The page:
janvier 01, 2019
An Interview with Dayna Frank, General Counsel
Dayna Frank is General Counsel for Active International and provides legal counsel and support to Active’s global offices, including contract negotiation, litigation, subsidiary creation, new product launches, and policies and procedures. She also serves as Secretary to Active. She joined the company in 1996. Frank earned her L.L.M. in International Business Law, with merit, from the London School of Economics and Political Science. She received her law degree from New York Law School and a B.A. from the University of Buffalo. Frank is licensed in NY and NJ and is a member of the American Bar Association and the New York Bar Association.
With 35 years of experience, Active International (activeinternational.com) is a global financial solutions company that drives performance and improves business outcomes for leading brands. A data-driven company, with media as a core competency, Active operates a full-service omnichannel media agency. In addition to media, Active brings to bear a broad portfolio of competencies such as Asset Disposition/Merchandise Sales, Real Estate, Retail Marketing, Travel and Hospitality, Freight & Logistics, and Lighting. Through the application of its core business model, Active is able to create financial benefits to serve its clients. Active International is based in New York and has offices in 15 countries.
How do you define the role of General Counsel at Active?
It’s very broad – the legal department pervades the entire company, from any of its new ventures to its branding and its global outreach. We do an analysis of the legal business risks when we’re looking at moving into a new area. If we’re looking at acquiring a company, we will evaluate how it fits into our overall company and do an analysis of the structure of the company to determine whether it will fit into the business as a subsidiary or an affiliate. We also help structure how we acquire new businesses.
Intellectual property is also under the purview of the general counsel, so we protect the Active brand on a global basis through trademarks and registrations as well as patents and copyrights.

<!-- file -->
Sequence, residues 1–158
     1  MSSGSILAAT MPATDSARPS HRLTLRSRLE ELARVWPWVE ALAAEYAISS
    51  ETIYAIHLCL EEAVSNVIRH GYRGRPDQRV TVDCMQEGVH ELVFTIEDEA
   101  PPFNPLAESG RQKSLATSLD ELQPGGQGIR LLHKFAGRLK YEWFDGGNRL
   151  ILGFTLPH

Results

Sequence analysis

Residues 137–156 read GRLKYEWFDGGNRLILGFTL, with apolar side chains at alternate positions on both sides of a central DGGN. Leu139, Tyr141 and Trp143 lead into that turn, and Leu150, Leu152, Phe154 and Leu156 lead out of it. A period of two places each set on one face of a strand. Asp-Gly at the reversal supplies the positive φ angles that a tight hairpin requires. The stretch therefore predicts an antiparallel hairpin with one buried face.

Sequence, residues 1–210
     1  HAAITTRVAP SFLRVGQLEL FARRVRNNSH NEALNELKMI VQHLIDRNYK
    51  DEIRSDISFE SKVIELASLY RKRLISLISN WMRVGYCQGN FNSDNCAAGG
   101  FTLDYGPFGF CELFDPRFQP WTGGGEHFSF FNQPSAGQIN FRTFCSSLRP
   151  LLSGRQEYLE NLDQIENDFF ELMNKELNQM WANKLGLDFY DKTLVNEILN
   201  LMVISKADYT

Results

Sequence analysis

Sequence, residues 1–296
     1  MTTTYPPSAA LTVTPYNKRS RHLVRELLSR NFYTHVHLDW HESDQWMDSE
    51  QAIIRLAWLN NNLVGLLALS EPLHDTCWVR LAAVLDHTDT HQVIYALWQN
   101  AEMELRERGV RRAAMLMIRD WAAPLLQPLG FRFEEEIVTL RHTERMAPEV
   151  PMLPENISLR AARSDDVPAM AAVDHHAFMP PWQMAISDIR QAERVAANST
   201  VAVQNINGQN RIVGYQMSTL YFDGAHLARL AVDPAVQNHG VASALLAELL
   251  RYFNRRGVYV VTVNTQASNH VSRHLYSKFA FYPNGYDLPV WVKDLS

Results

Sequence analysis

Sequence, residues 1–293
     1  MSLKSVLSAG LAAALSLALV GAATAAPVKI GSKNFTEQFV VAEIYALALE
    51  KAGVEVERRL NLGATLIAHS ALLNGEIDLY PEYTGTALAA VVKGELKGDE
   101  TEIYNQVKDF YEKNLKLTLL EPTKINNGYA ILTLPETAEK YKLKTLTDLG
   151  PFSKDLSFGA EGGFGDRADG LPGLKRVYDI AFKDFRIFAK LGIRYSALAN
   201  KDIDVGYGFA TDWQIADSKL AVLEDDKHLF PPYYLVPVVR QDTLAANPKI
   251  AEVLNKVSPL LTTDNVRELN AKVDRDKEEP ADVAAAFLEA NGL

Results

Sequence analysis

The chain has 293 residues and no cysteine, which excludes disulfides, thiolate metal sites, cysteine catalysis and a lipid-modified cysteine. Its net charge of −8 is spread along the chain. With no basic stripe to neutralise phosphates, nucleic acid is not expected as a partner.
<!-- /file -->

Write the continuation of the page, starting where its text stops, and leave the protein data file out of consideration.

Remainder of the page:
Has the general counsel role become more complex as Active has expanded?
I don’t know that it has become more complex, but I tell my colleagues that being an attorney working at Active is fascinating. I work with brilliant, creative people who find solutions to problems and I have to provide the legal drafts around their work to ensure that we are protected.
How do you define Active’s business as the company has evolved?
I’ve always defined Active as a financial solutions company – we had Active Capital and we were doing structured finance from early on.
It’s just that when we do our initial pitch and try to explain what Active does, barter comes up. People could see that as a bad word, but it’s the oldest way of doing business and it’s easy for someone to fundamentally understand that.
Our structures are all around financial solutions. Corporate trade and barter are financial solutions – it’s how we package it that makes it a more sophisticated package. At day’s end, though, it’s corporate trade and a financial solution.
Active was built with an entrepreneurial spirit. Will you discuss the entrepreneurial culture at Active and is that harder to maintain at the size and scale of the company today?
It’s harder to manage from the general counsel’s office. It has always been the hardest issue for legal to manage. It’s an administrative nightmare trying to manage the facts, the inventory and the solutions.
However, the entrepreneurial spirit is what makes it fun and client-centric and what drives us to be the leader in the industry.
All the questions that come up make my job harder but more fun. In the end, it’s all about what the client needs and what the company needs to grow.